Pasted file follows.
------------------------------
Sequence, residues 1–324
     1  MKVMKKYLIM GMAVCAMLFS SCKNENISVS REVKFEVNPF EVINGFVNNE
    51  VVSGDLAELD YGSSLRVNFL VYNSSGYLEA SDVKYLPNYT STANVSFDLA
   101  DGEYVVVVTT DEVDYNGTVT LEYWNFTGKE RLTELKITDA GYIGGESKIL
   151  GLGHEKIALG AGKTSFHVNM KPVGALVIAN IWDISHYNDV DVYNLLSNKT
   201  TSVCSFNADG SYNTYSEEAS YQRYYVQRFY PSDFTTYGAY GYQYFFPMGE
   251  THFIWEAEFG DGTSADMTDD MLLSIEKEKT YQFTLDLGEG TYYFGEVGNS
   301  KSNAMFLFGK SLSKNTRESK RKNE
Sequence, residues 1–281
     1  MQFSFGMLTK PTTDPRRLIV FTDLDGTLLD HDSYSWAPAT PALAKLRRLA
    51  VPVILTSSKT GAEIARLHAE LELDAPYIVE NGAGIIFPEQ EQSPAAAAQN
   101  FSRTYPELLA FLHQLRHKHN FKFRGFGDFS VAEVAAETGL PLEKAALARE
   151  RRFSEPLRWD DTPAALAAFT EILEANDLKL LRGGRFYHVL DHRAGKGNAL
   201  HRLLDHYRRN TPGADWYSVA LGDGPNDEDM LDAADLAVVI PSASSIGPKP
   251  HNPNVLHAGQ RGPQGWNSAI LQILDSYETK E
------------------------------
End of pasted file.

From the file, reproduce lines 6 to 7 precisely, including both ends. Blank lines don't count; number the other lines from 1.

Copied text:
   201  TSVCSFNADG SYNTYSEEAS YQRYYVQRFY PSDFTTYGAY GYQYFFPMGE
   251  THFIWEAEFG DGTSADMTDD MLLSIEKEKT YQFTLDLGEG TYYFGEVGNS